In the World
11. Our attention is drawn right away to the difficulties and sufferings which weigh heavily on so many adults, including Christians, both men and women. Among these we would like to single out the insufficient and disproportionate means for sell-development (humanization): lack of respect for the basic rights to Freedom, ‘among which religious freedom occupies a place of primary importance" (EN 39), as well as the right to follow one’s own conscience and the right to personal dignity, especially with respect to the poor: and the obstacles to carrying out one’s responsibilities to society and the family.
The causes of these evils are multiple and complex, and from time to time must be investigated. Generally speaking, we can point to the enormous disproportion in the distribution of the world’s goods, the diminished regard for the family, the insufficient appreciation of women, lack of work, racial discrimination, the lack of access to culture, the incapacity or impossibility on the part of the masses to participate in public decision making.
These distortions gravely deform the image of God which men and women, precisely as adults, are called to reflect and fully enjoy (Gen 1, 26-27).
12. At the same time, we are witnessing an awakening of the individual and collective consciousness with respect to personal dignity, mutual interdependence and communion, and the need to stand in solidarity with the weak and the poor.
Furthermore, respect for and interest in religion and spiritual values are on the rise among adults, who regard religion as a source from which their lives draw new strength. The awareness that the earth is a gift from God, which must be respected and protected from all forms of pollution, is also gaining ground.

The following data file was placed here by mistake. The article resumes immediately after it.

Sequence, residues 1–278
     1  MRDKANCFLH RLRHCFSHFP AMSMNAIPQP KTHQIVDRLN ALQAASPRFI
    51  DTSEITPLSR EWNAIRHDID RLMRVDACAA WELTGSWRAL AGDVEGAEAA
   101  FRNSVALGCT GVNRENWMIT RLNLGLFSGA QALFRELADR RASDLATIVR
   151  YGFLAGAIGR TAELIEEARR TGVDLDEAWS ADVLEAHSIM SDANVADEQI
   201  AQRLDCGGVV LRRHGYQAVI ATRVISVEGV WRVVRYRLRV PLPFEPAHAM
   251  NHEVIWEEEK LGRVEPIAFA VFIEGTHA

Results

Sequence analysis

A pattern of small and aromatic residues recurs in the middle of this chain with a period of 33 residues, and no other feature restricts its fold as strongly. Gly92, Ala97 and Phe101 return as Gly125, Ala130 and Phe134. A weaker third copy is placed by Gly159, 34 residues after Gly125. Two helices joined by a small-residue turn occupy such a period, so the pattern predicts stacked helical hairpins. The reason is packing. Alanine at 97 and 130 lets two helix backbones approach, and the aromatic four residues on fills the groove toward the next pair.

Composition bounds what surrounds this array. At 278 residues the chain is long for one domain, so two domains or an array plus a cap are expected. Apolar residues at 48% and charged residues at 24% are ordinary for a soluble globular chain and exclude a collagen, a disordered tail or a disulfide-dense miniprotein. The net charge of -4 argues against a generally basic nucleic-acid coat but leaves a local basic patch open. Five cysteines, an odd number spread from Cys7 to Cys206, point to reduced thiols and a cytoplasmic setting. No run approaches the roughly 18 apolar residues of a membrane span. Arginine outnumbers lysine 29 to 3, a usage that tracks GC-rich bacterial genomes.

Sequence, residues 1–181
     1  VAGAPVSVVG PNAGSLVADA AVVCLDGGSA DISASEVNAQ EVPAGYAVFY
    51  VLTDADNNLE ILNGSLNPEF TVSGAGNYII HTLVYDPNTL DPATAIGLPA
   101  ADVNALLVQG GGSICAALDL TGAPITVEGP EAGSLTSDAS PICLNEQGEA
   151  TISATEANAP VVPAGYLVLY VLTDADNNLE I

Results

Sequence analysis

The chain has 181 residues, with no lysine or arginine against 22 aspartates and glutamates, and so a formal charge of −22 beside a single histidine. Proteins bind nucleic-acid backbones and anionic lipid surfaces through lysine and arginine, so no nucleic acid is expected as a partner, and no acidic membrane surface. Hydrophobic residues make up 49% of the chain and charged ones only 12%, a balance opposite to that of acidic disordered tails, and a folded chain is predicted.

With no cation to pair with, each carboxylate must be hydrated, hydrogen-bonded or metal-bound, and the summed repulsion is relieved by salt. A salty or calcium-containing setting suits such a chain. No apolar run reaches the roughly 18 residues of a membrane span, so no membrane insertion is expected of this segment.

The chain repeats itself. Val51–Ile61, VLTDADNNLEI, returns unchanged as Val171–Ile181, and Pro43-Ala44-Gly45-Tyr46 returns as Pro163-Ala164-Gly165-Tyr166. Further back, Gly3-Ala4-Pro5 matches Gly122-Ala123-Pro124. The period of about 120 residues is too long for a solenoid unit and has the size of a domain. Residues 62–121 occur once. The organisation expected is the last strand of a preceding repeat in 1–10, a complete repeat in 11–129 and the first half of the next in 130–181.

Civil institutions, for their part, have in some places made a serious attempt to protect the rights and the freedom of individuals. They help adults to carry out their responsibilities through programs of continuing education, which extend up through old age.
IN THE CHURCH
13. The Church, which lives in the midst of the human family and is engaged like its Founder in the service of people, contributes to humanity by proclaiming the Good News of the Kingdom of God in Jesus the Saviour. In bringing about an ever more just and more fraternal human family, the Good News proclaimed by Jesus is indispensable.
Faithful to this task, the Church, which is always open to the contributions of human experience and science, regards adult catechesis as the path to follow as a disciple of Christ, a path which is incarnate in the concrete situations of life.
Thus, it is necessary at the start to recognize the various conditionings and challenges in the ecclesial communities which have the greatest influence on the growth of adults as Christians.
Conditionings and challenges
14. "Why have you been standing here idle all day?" asked the Lord of the vineyard to the men who had been standing around all day. "No one has hired us," they told him. He answered them, "You go to the vineyard too" (Mt 20, 6-7).
In the parable of Jesus, which expresses the universal invitation to the Kingdom of God, we recognize the positive response of many, but we cannot overlook those—and they are the majority who have not heard the invitation, or have forgotten it, or for various reasons cannot come to terms with it.
This is the actual situation, full of both serious drawbacks and positive opportunities, of accomplishments and expectations, which the Church has to take into account when proposing the Gospel to adults.
15. On the economic-social level, large numbers of believers do not have access to religious formation through catechesis because of a relentless underdevelopment which, in fact, prevents the poor from being evangelized (Lk 4, 18), though this is their sacred right.
One could add here the migrations of whole peoples going on at present. Uprooted and displaced from their homelands, they are deprived of the basic need of security and stability.
16. On the social-cultural level, in light of the determining influence of culture in all its various expressions, a number of important factors which have a decisive impact should be noted:
a) With the growth and expansion of the process of secularization, the very possibility of catechesis is put in crisis, particularly among adults, because of the great changes in culture and customs which have had significant repercussions, at least in the recent past, on the organization of life and the availability of time.
Much has also been said about the spiritual difficulties which adults have to face, such as the absence of human and religious certitudes, the loss of individual and collective identity, and the burden of loneliness.